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Coexistence between Warli Tribes and Leopards

Content for Mains Enrichment:

 

 

Source: DTE

 Context: The article discusses the peaceful coexistence between Maharashtra’s Warli tribe and leopards near the Sanjay Gandhi National Park (SGNP).

Unlike common fear, Warlis worship leopards as Waghoba, considering them part of their environment. Despite Mumbai having a high leopard density, the Warlis share space with leopards, taking precautions like keeping children indoors after 6 pm. Encounters are common, and the Warlis revere leopards, with shrines dedicated to Waghoba.

 

Other tribes co-existing with animals are:

TribeAnimal Coexistence Examples
Bishnois (Rajasthan)Bishnois revere blackbucks, protecting them from harm.
Jarawas (Andaman Islands)Jarawas live in harmony with diverse wildlife on the Andaman Islands. They maintain sustainable hunting practices and have minimal impact on the environment.
Van Gujjars (Uttarakhand)Nomadic Van Gujjars coexist with elephants in the Himalayan forests. They follow traditional practices, respecting wildlife habitats and minimizing conflicts.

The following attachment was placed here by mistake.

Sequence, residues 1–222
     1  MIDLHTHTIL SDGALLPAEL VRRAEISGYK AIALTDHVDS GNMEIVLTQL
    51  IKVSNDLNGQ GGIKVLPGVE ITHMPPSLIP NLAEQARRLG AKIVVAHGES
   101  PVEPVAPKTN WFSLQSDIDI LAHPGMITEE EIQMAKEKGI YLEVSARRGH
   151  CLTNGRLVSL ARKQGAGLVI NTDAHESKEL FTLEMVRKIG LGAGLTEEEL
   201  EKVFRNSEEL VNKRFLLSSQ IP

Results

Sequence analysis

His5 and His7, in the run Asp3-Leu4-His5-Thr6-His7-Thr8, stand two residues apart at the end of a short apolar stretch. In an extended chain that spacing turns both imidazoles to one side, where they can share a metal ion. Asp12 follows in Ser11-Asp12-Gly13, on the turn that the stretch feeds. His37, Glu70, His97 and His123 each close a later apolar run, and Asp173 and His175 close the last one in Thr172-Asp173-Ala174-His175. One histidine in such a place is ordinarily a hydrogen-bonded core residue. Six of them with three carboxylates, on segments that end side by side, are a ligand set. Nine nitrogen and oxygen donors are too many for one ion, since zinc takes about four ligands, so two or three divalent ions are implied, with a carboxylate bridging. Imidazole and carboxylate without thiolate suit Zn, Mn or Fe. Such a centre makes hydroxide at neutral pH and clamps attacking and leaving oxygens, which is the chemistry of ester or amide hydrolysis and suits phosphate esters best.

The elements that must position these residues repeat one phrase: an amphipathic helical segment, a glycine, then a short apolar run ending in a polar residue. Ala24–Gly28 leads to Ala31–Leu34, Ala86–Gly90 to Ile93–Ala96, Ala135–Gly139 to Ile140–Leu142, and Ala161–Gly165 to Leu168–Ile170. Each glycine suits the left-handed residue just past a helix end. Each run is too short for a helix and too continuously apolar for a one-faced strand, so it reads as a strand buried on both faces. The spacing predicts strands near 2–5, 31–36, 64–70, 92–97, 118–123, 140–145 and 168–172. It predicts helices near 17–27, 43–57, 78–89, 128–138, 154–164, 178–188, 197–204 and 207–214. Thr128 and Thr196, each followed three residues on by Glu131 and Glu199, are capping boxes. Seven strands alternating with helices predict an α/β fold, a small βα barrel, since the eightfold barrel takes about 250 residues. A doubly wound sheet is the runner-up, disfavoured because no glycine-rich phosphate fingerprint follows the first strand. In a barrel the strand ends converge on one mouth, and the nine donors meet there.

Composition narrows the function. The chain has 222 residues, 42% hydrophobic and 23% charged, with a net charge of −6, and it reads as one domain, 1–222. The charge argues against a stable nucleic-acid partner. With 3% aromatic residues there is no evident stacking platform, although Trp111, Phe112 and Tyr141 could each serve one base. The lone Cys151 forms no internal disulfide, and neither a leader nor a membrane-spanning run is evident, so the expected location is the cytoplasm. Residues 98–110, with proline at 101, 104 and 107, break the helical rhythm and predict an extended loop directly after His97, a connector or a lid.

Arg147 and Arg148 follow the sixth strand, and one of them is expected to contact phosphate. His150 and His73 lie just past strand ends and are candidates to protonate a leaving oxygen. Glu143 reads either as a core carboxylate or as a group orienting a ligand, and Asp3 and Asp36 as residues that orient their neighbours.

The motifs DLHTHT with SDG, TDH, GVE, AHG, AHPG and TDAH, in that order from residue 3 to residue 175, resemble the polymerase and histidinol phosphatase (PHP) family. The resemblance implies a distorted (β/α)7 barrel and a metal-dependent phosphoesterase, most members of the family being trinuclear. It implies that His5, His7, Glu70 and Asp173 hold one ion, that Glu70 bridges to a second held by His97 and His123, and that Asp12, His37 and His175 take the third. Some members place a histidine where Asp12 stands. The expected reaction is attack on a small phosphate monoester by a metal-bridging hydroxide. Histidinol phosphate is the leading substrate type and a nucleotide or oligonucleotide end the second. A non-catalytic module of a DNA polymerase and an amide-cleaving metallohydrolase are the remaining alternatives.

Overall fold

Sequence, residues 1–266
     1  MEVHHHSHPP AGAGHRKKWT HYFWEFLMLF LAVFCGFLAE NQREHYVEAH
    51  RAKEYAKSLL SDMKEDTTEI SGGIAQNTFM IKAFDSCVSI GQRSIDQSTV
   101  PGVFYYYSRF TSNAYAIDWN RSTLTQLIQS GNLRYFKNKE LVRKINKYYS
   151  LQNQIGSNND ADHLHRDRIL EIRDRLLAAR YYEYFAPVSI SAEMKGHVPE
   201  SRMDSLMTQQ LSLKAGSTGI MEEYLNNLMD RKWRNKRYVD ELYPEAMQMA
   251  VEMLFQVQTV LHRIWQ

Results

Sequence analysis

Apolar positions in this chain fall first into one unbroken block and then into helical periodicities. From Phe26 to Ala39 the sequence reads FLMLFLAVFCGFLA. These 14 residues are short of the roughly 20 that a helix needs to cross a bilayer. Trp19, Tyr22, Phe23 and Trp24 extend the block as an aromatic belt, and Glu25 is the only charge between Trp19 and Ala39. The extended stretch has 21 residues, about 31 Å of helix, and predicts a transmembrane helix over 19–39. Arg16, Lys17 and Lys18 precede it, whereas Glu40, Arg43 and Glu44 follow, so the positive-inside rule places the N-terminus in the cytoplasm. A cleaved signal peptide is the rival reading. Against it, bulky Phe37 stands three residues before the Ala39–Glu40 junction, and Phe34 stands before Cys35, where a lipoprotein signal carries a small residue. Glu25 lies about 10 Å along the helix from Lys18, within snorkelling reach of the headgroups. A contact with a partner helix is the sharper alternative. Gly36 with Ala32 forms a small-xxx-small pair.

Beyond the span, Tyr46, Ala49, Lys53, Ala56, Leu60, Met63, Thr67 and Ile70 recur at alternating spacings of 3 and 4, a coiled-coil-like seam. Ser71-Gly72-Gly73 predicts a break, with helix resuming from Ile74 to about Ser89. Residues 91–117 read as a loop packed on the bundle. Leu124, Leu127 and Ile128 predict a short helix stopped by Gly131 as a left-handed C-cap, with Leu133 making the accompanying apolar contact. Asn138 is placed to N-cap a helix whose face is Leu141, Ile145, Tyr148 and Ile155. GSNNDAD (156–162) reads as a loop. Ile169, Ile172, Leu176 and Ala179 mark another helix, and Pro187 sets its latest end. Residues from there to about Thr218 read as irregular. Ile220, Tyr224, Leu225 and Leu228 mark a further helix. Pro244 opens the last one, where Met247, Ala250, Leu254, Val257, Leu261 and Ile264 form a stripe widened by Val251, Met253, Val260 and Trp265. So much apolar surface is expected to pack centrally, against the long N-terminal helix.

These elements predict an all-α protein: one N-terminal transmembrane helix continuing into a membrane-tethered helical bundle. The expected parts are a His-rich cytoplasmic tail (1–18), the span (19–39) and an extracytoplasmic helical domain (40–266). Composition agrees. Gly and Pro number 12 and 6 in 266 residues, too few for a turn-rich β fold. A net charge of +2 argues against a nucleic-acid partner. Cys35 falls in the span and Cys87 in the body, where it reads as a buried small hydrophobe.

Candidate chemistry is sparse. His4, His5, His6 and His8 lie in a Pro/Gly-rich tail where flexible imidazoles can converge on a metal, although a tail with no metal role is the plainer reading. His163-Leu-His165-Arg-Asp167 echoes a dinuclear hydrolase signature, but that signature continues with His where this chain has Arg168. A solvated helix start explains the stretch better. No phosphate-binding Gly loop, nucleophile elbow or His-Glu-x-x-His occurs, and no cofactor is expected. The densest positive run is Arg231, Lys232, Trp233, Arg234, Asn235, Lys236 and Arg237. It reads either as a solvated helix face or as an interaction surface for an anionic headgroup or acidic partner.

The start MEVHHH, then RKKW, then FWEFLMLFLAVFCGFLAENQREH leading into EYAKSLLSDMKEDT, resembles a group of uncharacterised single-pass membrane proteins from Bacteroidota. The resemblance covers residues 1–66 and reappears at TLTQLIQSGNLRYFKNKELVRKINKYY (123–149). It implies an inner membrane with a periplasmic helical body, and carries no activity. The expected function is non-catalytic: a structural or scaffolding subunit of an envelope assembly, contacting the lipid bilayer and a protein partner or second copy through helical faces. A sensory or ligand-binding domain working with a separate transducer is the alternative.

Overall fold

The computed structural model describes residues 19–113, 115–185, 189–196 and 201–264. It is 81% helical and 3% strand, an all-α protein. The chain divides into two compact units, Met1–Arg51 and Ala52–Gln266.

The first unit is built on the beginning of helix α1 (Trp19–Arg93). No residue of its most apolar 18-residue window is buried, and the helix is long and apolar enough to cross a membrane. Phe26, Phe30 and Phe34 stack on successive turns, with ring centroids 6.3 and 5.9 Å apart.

Mishing Tribe (Assam)Mishing people in Assam coexist with the Gangetic River dolphin. They consider the dolphin sacred and have rituals that promote its conservation.
Kani Tribe (Kerala)Kani tribe in the Western Ghats coexists with elephants and other wildlife.

 

About Warli Tribe:

The Warli tribe, one of Maharashtra’s largest, resides on the outskirts of Mumbai in the North Sahyadri region. Renowned for their Warli wall paintings dating back to the 10th century AD, the art depicts daily life and surroundings. Utilizing natural materials and colours, the tribe employs bamboo brushes in their distinctive paintings.